One Path to the Priesthood

Published in: January-February 2011 issue.


I Was Born This Way“I Was Born This Way”: A Gay Preacher’s Journey through Gospel Music, Disco Stardom, and a Ministry in Christ
by Archbishop Carl Bean (with David Ritz)
Simon & Schuster.  264 pages, $24.


YOUNG CARL BEAN never really knew his father, and he barely knew his birth mother. Born and raised in a poor area of Baltimore, Bean was basically raised by a village of “warm and wonderful women.” He says that he was a girly little boy, soft and feminine, and he was attracted to other boys at an early age. He believes that those who raised him must have known about those feelings, but nothing was ever said. Bean was loved, and that’s what he knew.

The shining point of his life was his godmother’s mother, the woman Bean called Nana. She cared for him, took him to church, and made him happy, but when he was just three years old, Nana died and life changed drastically. He was taken in by his godparents, who loved him but didn’t seem to like him. Shortly after that, Bean was sexually assaulted by an “uncle.”

Although various abuses continued well into his teens, and Bean had fully acknowledged his gayness, he maintains that he was cherished and accepted, especially by the unaware wives of his abusers. Fortunately, he found solace in God and in song.

Bean sang in good times and bad for audiences of none or many. Because he knew that God is love, most of his favorites were gospel songs that Bean sang in the church choir. He was encouraged and tutored, and when he was old enough, he moved to New York City to pursue a gospel music career, quickly making a name for himself on the gospel circuit. He followed that with a disco career and a top-selling record called “I Was Born This Way.” But his newfound fame didn’t last. Having sung an anthem to being gay and being accepted, Bean was asked to do a song about loving a woman, and he thought such a performance would be the wrong message to send to gay fans. He turned down the song, and his career quickly sank.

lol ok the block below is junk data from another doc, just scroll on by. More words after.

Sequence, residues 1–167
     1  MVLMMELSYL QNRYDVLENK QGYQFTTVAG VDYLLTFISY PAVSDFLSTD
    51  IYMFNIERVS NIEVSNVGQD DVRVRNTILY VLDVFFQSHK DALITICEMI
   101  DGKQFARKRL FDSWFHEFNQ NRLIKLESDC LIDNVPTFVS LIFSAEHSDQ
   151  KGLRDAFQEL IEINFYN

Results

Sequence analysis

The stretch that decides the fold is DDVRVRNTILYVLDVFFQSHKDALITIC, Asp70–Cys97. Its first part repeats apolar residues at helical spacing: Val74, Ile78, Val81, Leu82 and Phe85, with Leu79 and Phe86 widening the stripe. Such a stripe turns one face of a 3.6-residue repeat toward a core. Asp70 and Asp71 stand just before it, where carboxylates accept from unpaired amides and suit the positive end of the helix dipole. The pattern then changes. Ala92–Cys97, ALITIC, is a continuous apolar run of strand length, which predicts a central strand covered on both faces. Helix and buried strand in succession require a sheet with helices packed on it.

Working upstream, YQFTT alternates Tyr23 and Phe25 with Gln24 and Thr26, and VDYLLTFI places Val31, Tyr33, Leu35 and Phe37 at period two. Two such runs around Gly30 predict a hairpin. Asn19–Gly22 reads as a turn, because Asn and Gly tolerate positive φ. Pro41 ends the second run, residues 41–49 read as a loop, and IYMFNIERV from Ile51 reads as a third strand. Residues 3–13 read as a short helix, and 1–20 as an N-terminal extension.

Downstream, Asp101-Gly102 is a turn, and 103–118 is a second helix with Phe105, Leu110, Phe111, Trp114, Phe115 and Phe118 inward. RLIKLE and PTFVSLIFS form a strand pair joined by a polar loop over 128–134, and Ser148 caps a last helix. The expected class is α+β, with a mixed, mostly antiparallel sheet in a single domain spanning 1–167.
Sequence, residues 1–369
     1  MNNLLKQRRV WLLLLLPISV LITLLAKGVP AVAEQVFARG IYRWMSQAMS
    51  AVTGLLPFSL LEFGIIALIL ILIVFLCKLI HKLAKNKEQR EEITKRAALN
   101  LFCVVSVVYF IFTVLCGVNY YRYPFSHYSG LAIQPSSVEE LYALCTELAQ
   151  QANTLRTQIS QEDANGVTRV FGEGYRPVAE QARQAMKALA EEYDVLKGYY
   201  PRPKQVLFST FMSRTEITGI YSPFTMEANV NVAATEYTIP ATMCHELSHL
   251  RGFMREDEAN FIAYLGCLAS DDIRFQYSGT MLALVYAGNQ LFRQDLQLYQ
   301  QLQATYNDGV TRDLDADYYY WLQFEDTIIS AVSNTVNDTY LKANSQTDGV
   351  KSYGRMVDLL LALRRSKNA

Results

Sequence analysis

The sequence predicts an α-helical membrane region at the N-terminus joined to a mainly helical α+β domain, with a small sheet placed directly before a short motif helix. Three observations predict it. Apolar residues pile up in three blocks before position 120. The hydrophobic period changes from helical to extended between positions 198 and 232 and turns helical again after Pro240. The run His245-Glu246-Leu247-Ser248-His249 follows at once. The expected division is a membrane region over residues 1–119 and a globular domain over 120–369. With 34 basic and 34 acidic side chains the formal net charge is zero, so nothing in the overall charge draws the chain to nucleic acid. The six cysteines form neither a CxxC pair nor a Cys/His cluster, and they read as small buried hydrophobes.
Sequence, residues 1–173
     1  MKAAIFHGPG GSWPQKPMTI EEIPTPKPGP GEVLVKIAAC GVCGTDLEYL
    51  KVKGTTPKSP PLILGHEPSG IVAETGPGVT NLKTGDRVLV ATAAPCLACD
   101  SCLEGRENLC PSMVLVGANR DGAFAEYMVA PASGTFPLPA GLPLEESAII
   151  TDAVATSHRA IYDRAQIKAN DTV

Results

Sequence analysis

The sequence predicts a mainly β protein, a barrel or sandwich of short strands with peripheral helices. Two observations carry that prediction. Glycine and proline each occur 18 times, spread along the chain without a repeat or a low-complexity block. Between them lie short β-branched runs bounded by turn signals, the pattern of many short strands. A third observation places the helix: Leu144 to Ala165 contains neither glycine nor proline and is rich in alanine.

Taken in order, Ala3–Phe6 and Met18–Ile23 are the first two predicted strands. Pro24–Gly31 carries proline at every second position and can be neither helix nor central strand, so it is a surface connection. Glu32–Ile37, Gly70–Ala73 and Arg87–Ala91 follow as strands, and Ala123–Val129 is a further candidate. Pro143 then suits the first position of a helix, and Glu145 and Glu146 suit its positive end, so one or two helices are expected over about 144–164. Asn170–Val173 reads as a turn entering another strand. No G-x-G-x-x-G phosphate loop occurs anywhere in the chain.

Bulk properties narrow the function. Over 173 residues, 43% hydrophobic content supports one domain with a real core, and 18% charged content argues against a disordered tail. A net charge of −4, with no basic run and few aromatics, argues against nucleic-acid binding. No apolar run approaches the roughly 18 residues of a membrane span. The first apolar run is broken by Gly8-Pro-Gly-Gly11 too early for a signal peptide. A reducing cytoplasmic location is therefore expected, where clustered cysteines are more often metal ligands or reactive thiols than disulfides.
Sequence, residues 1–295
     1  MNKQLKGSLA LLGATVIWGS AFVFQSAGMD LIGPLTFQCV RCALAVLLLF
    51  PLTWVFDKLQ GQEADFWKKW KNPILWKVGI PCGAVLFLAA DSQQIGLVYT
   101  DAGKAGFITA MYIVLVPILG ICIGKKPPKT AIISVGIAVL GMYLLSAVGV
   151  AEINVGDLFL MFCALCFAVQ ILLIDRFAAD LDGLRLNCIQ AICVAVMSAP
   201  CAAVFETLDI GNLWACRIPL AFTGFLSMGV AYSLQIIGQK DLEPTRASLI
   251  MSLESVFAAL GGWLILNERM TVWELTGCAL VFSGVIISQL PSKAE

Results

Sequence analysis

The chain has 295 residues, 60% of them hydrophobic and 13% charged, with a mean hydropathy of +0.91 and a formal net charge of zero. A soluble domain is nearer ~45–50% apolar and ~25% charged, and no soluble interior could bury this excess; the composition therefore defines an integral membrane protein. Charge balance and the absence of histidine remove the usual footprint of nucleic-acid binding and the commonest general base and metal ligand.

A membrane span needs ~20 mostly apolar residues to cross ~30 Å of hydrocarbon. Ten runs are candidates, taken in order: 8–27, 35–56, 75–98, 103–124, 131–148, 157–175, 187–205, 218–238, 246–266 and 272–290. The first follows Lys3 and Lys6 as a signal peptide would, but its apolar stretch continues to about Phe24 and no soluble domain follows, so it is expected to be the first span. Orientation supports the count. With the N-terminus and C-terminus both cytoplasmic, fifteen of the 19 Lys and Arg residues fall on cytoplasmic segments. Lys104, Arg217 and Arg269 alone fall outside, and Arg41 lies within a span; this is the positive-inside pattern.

At different points in his life, Carl Bean had been homeless, which showed him what God truly wanted him to do. After his musical career ended, he reached back to his church roots and his work in jails, and he founded a church that was open to the GLBT community. He started an AIDS outreach program through his ministry with the help of a few famous friends.

While the book sometimes drags a little, particularly in the middle section, where all kinds of name-dropping and shout-outs to important people occur, I Was Born This Way is a wonderful biography that’s curiously soothing to read. As an author, Carl Bean is brutally honest in telling a story that is at times both sweetly idyllic and frighteningly real. Overcoming the abuse, discrimination, and suspicion that he suffered throughout his life, Bean manages to convey a sense of calm and comfort. Anger, the singular emotion one would expect in situations like those that Bean endured, is notably absent. Bean doesn’t complain, whine, or hold a grudge, and seems more than willing to forgive those who have trespassed against him.

Readers looking for soulful succor will find it in Bean’s reassuring, Bible-based (but personal) writings. Those not looking for an inspirational word will find a unique and, just possibly, an uplifting memoir.